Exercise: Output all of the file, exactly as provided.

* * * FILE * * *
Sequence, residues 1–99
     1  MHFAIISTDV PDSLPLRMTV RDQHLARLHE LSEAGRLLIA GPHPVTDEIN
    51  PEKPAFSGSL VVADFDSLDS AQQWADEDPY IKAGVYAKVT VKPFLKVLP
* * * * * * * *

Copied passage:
Sequence, residues 1–99
     1  MHFAIISTDV PDSLPLRMTV RDQHLARLHE LSEAGRLLIA GPHPVTDEIN
    51  PEKPAFSGSL VVADFDSLDS AQQWADEDPY IKAGVYAKVT VKPFLKVLP